Those guidelines, listed on each book recommendation page, read: "All BookLink items are reviewed by GLSEN staff for quality and appropriateness of content. However, some titles for adolescent readers contain mature themes. We recommend that adults selecting books for youth review content for suitability."

But critics say the guidelines themselves are damning, because they confirm that GLSEN staff have checked the books for appropriateness. And Jennings, they point out, was in charge at the time.

"It's like Jennings just doesn't realize he's working with kids here.... You need a totally different set of rules when you're working with kids," said Peter LaBarbera, president of Americans for Truth About Homosexuality.

LaBarbera said the books should be seen in light of other recent controversies surrounding Jennings.

In September it came out that, when he was a teacher in Massachusetts, Jennings did not report an incident in which a 16-year-old boy told him that he was having sexual relations with an older man he met in a bus station bathroom. After that, 53 Republican members of the House publicly called for Jennings to be dismissed.

But Alvin McEwen, who runs a blog called "Holy Bullies and Headless Monsters" and has commented extensively on the Jennings case, said GLSEN's book recommendations should be seen in a different light.

"GLSEN is saying that parents should decide. They are saying these books may be a good idea to read, but ultimately it is up to parents," he told FoxNews.com.

McEwen said that even though Jennings was the director of GLSEN when the books were recommended, there was no evidence that he personally selected the books.

"This is ridiculous guilt-by-association ... just another moral panic thought up by people who don't have any legitimate reason to oppose Jennings, so they've made a mountain out of molehill," he said.

Department of Education spokesman Justin Hamilton declined to comment about Jennings' role in recommending the books.

But critics say Jennings, as GLSEN's first full-time employee and first executive director, must be held responsible.

"He was at GLSEN from the beginning and was in charge during the time when these books were approved," said Warren Throckmorton, a professor at Grove City College.

The blogger at Gateway Pundit, Jim Hoft, wrote elsewhere concerning a "black book" that contains a gay bar guide and explicit sexual references that was handed out at a GLSEN event.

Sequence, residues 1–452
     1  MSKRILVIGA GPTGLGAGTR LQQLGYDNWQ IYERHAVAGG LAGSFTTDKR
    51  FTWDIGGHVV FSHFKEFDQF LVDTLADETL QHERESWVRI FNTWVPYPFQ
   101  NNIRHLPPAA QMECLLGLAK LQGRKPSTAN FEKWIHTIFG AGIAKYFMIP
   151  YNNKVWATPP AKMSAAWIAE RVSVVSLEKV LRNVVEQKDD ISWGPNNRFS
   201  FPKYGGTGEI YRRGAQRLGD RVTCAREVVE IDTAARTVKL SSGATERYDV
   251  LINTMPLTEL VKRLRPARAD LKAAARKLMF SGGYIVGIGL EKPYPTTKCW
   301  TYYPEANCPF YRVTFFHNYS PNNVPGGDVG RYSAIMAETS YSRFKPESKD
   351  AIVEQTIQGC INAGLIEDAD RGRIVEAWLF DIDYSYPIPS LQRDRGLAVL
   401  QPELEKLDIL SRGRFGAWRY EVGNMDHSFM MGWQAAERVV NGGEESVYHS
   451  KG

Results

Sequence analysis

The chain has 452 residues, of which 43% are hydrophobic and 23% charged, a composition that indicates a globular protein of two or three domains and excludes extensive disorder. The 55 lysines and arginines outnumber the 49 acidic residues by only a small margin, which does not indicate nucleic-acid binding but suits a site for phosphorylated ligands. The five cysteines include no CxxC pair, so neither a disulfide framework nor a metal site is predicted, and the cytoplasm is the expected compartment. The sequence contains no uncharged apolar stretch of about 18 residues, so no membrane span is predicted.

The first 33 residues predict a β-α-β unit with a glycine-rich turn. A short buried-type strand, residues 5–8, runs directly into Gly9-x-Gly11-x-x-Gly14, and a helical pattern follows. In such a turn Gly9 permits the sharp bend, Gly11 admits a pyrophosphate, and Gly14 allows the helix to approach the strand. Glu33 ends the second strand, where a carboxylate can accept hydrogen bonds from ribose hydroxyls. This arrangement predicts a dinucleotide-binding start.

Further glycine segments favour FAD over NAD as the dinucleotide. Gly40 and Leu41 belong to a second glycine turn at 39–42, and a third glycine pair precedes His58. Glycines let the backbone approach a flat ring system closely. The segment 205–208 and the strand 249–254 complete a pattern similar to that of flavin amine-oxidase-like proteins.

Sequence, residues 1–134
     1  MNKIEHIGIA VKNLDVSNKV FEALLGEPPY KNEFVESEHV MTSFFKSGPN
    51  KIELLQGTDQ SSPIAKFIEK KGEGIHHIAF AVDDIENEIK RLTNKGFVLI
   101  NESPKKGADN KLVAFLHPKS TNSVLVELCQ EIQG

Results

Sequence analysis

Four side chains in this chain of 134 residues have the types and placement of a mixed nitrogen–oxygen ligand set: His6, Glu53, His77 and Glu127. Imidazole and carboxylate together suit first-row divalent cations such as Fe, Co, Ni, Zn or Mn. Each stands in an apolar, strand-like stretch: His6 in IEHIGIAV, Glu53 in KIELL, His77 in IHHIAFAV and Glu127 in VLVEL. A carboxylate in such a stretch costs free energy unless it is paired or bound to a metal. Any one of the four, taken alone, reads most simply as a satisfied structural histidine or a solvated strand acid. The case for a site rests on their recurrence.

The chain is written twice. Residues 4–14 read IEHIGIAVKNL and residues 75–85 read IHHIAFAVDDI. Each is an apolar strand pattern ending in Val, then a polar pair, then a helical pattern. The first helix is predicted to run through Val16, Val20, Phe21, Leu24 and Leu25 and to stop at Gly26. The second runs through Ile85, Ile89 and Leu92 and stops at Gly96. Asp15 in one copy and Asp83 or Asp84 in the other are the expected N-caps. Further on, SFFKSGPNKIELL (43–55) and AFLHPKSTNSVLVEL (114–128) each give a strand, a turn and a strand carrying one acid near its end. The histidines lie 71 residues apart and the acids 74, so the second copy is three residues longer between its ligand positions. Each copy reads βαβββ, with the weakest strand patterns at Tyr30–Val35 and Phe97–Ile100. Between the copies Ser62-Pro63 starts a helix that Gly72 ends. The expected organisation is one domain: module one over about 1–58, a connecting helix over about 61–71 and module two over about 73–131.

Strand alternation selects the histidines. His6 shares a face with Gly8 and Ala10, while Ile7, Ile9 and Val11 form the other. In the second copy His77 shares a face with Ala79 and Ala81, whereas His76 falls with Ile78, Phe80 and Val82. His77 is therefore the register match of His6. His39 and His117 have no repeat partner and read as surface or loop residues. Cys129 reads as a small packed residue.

But McEwen said it's not clear that Jennings -- or GLSEN -- knew about the guide, which was distributed by Fenway Community Health officials at a GLSEN event, which they later said had been a mistake.

Hoft has also alleged that Jennings and GLSEN were involved in Planned Parenthood's purported distribution of "fisting kits" [fisting involves forcing one's hand into another person's rectum or vagina] at at least one GLSEN event. The kit was actually for making a "dental dam" -- designed to prevent STD transmission during oral sex.

McEwen said that the attacks on Jennings and GLSEN were motivated largely by homophobia.

"There are a lot of heterosexual books that are just as explicit. In the first page of 'The Color Purple' [a 1982 novel that has caused controversy when assigned in schools], the character talks about being raped in graphic terms... what's in [GLSEN's] books is no different from what's in The Color Purple."

But Sprigg disagrees that books like "The Color Purple" are comparable to those recommended by GLSEN.

"We are not talking about 'The Great Gatsby' or 'The Grapes of Wrath' here," he said. "A lot of people who have only read the news and opinion pieces on this story, without reading the actual excerpts, may think that we are talking about the kind of sexual content that might, in a film, earn a PG-13 or R rating. We are not.

"This is material that, if portrayed visually, would be a triple-X hard-core porn film, and quite possibly meet the legal definition of obscenity. In fact, I think the homosexual content is the only thing preventing the outcry from being even greater, because some people fear being labeled as 'anti-gay.' If the content were heterosexual in nature, there would be no one defending it at all."